After a three-week break, the MR01 entered the Chinese Grand Prix with minor technical updates. The weekend began with abnormally cold temperatures, and Glock suffered an accident during free practice on Saturday. After look over, Glock and his MR01 continued into qualification, and he and Pic again qualified 20th and 21st for the race. In the early phase of the race tyre problems plagued everyone, with high wear and degradation causing many teams to alter their strategies. The two Marussias fended off both HRTs and Kovalainen's Caterham to finish 19th and 20th.
Initially, the Bahrain Grand Prix was under intense criticism regarding whether it should go ahead or be cancelled once again. Qualifying was a first for the MR01 in two ways: Glock only managed 23rd, his worst performance for the season, and Pic out-qualified his teammate for the first time, in 21st. In the race Pic retired on lap 24 with engine issues, leaving Glock to bring the team home. He finished two laps down in 19th, behind the Caterhams and Jenson Button, but ahead of both HRTs and both Williams cars of Pastor Maldonado and Bruno Senna.
At Spa, Pic set the fastest lap time in a wet Free Practice 2; the highest ever result for the team in any official F1 session. This was due to many teams not setting competitive laps due to the poor conditions. Glock was 6th in the session.
At Singapore, Glock produced his best result for Marussia, finishing in 12th place (making this chassis statistically the most successful for the Virgin/Marussia team), and this crucially put Marussia in front of Caterham in the fight for 10th position in the Constructors' Championship, due to a better non-points finishing record.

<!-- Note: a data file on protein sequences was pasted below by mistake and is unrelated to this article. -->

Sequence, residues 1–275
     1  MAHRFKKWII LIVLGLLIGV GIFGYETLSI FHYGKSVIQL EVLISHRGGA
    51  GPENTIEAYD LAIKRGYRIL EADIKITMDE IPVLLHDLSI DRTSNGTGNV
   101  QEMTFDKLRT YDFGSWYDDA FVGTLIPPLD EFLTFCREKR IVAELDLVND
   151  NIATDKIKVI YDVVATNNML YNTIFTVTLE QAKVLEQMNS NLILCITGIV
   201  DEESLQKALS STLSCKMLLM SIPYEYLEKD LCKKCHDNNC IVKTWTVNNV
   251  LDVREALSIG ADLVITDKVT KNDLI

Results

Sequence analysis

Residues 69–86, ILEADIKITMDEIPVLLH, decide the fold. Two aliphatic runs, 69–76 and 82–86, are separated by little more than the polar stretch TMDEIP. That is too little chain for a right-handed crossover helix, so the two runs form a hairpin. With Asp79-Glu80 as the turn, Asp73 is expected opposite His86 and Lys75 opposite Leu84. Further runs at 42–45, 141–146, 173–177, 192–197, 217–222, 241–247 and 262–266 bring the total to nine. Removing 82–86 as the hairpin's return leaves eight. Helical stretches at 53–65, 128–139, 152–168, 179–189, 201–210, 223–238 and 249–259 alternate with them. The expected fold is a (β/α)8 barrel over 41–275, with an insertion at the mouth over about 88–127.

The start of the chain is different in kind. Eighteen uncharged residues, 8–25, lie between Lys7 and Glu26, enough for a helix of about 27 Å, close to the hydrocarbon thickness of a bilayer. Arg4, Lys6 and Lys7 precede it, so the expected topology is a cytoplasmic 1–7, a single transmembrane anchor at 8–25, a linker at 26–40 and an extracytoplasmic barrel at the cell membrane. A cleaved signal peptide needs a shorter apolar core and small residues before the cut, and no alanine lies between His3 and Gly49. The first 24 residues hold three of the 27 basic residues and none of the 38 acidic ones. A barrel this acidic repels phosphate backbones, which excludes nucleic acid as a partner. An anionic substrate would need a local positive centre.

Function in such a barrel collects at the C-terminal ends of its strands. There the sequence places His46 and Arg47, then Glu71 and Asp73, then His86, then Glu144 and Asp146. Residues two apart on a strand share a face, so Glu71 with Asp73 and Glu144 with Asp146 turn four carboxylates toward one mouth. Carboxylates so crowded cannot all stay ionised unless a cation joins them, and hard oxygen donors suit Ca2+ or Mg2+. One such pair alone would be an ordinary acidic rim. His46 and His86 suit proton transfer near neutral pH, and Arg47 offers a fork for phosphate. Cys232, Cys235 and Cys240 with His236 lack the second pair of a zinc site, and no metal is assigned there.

Complete Formula One results
(key) (results in bold indicate pole position; results in italics indicate fastest lap)
|2012||Marussia F1 Team||Cosworth CA2012||P||AUS||MAL||CHN||BHR||ESP||MON||CAN||EUR||GBR||GER||HUN||BEL||ITA||SIN||JPN||KOR||IND||ABU||USA||BRA||0||11th|
† Driver failed to finish the race, but was classified as they had completed greater than 90% of the race distance.
- "Introducing the MR01". MarussiaF1Team.com. Archived from the original on 9 January 2012. Retrieved 1 June 2012.
- Noble, Jonathan (25 January 2012). "Pirelli tweaks tyre markings for 2012 F1 season". Autosport.com. Haymarket Publications. Retrieved 29 January 2012.
- Strang, Simon (24 July 2011). "Timo Glock has re-signed with Virgin on a new three-year deal". Autosport. Haymarket Publications. Retrieved 24 July 2011.
- "Marussia Virgin Racing Completes 2012 Race Driver Line-up". Virgin Racing. 27 November 2011. Archived from the original on November 29, 2011. Retrieved 27 November 2011.
- "Inside the MR01 — Coming Soon". Marussia F1 Team. Marussia F1 Team. Archived from the original on 15 January 2012. Retrieved 21 January 2012.
- Symonds: 2011 Virgin had potential Archived 2012-01-24 at the Wayback Machine, Racer, 2012-01-22
- Marussia delays new car until final test, GP Update, 2012-01-24
- Collantine, Keith (27 February 2012). "Marussia to miss last pre-season test after crash test failure". F1 Fanatic. Keith Collantine. Retrieved 6 March 2012.
- Baldwin, Alan (5 March 2012). "Motor racing-Marussia debut new car pending final crash test". Reuters. Retrieved 7 March 2012.
- Elizalde, Pablo (5 March 2012). "Marussia unveils its 2012 challenger". Autosport.com. Haymarket Publications. Retrieved 5 March 2012.
- "Marussia MR01 passes final crash test and cleared to race in Formula 1 opener". Autosport.com. Haymarket Publications. 6 March 2012. Retrieved 7 March 2012.
- Dodgins, Tony (1 January 2012). "Marussia Virgin Racing". GrandPrix.com. Inside F1, Inc. Retrieved 21 January 2012.
In 2012, however, Virgin will be the only team on the grid without a KERS system, with HRT having extended its Williams gearbox/hydraulics agreement to include the power-boosting device.
- "Marussia to follow McLaren lead". ESPN F1. ESPN. 26 February 2012. Retrieved 7 March 2012.